Enough Watches, Cartier and Jaeger-LeCoultre Bring the Wonders (ok, and Watches Too)

You’ve probably seen a lot of watches from Watches and Wonders, but what about the wonders! You were promised wonders! Well, they were there, let me tell you, and no two brands focused as much on them as Cartier and Jaeger-LeCoultre. Whether they were saving up their best releases for a few years, waiting for the pandemic to slow down to show off in person, or their watchmakers are just very well caffeinated, I don’t know, but both pulled out the stops this year for some of the most mind-blowing Haute-horology I got to witness. Here are a few watches that left a lasting impression.

Cartier Masse Mystérieuse

When you say a watch is “insane” while in the Cartier booth, you need some context. Nothing you see is simple, or plain. The most basic of their watches are, at the very least, at the height of taste and elegance, but they quickly move into a space of bewilderment. From diamond pillows to crafts and techniques that are truly lost on a jewelry-Luddite like myself, their presentation was a parade of decadence the likes of which I’ve never experienced before. So, for something to stand out even in that context is truly unbelievable.


The Cartier Masse Mystérieuse seems like a prank. A stunt made to amuse watch journalists or a non-working concept for an upcoming Willy Wonka film. But no, it’s real, which makes them far more clever even. You see, the movement of this automatic watch is the rotor, and the rotor is the movement. Attached at the axis of the hands, it spins freely, as a rotor should. The form and scale are miraculous on their own, as is the full motion, but that it is actually winding makes that all the more amazing.

But, the mind breaker is that the movement doesn’t seem to attach to the crown, and despite spinning around, the hands stay fixed. You almost forget when you are holding it in, spinning the rotor/movement around with a giddy smile, how watches work. Well, this is all part of the mystery in which sapphire crystals and hidden components are used to a magical effect. Perhaps what I love the most about this is that the excessive engineering challenge at play is all for some whimsy. This miraculous contraption doesn’t do anything better or more efficiently. It’s not a new escapement design or constant force mechanism. It’s delightfully absurd and decadent, and why not? Cartier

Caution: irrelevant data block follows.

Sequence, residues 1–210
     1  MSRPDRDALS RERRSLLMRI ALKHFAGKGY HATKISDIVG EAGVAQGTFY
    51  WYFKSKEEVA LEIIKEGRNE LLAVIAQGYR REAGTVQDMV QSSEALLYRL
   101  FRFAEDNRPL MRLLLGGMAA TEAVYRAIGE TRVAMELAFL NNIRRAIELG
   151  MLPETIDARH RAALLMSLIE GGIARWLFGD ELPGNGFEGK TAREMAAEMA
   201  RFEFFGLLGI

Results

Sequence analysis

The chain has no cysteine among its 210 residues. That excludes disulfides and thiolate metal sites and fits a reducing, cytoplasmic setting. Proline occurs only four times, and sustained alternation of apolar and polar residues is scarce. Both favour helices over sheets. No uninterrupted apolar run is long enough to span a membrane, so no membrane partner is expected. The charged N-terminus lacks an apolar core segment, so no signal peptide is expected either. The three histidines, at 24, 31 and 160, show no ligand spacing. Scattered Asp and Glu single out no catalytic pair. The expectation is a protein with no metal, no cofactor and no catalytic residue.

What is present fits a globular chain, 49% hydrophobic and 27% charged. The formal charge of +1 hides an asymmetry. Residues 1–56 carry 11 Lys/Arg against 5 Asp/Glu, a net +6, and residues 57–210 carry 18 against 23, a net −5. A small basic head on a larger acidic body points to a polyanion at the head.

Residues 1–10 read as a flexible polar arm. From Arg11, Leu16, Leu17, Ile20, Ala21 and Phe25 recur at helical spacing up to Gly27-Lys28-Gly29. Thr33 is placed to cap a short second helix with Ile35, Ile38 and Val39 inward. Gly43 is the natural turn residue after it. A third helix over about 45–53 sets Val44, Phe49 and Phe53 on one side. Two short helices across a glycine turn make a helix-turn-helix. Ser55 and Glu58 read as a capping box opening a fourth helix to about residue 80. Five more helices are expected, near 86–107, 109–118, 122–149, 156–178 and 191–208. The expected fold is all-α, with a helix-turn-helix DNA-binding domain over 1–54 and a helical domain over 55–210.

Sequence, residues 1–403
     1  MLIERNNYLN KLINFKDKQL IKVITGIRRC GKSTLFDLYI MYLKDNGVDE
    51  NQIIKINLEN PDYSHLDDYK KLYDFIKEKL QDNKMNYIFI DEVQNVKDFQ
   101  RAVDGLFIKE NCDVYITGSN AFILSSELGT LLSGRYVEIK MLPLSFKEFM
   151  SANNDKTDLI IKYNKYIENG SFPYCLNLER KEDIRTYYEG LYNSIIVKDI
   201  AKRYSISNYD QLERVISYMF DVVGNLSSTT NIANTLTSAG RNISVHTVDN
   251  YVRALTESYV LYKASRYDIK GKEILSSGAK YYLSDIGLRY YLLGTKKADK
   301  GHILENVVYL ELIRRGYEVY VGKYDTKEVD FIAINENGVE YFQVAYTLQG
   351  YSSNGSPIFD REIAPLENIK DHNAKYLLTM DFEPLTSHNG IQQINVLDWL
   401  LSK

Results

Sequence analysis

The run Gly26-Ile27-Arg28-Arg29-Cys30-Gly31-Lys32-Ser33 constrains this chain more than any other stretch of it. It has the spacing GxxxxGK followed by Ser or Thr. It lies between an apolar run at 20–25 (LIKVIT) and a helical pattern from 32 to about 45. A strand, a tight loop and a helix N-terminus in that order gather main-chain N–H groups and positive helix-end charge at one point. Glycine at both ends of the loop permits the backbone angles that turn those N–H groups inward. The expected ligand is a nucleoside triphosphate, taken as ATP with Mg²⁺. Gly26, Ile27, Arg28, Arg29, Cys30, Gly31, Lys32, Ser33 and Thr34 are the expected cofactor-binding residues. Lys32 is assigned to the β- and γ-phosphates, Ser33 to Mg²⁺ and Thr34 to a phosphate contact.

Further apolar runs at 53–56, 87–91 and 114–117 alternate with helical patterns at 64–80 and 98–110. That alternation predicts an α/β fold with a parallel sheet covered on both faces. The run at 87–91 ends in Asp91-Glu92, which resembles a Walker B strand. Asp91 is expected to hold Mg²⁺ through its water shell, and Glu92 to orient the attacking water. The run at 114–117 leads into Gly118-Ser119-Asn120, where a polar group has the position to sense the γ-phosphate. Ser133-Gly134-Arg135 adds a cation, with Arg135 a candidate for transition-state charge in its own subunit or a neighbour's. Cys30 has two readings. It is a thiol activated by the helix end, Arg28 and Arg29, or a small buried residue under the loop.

Jaeger-LeCoultre Rendezvous-Star

Jaeger-LeCoultre pulled no punches this year. Their most subdued watch was a steel perpetual calendar, which should tell you something, but it went all the way to a wrist-mounted super-complication that shows the constellations over Geneva via a “Cosmotourbillon” that rotates about the full dial on sidereal time, and sports a minute repeater for good measure. Subtle. But the watch that I felt the need to keep talking about, like the Cartier above, was more poetic than that.

The Rendezvous-Star might appear as just an incredibly elegant fine jewelry watch. It’s small, decked out in diamonds, and features a simply beautiful, hand-painted nightscape with fluffy clouds to set the mood. But inside is a complication that is as charmingly useless as it is unexpected. Periodically, randomly, a shooting star flies across the dial. After all of the precision found in their other timepieces, JLC set out to do something the opposite. Something unexpected that simply brings joy, much like spotting a shooting star.

Of course, nothing in watchmaking is actually simple, so pulling this off requires a neat new complication. The shooting star is triggered by fully winding a spring that while independent of the main barrel, is wound by the rotor. Thus, the star is essentially powered by the wearer’s motion. More motion, more stars. That said, you have to be looking to see it, bringing some luck into the mix as well. A remontoir is then utilized in order to create a smooth and constant motion. For the impatient, a few cranks of the crown will fire it too, but that’s cheating. Jaeger-LeCoultre

Like I said, Cartier and JLC brought the wonder component to this year’s Watches & Wonders. While there were plenty of other, more technically-minded watches out there from Grand Seiko’s Kodo to Moser’s Cylindrical Tourbillon, few watches brought this jaded watch enthusiast as much joy in the (precious) metal as the two above.

Related Posts
Zach is the Co-Founder and Executive Editor of Worn & Wound. Before diving headfirst into the world of watches, he spent his days as a product and graphic designer. Zach views watches as the perfect synergy of 2D and 3D design: the place where form, function, fashion and mechanical wonderment come together.
wornandwound zsw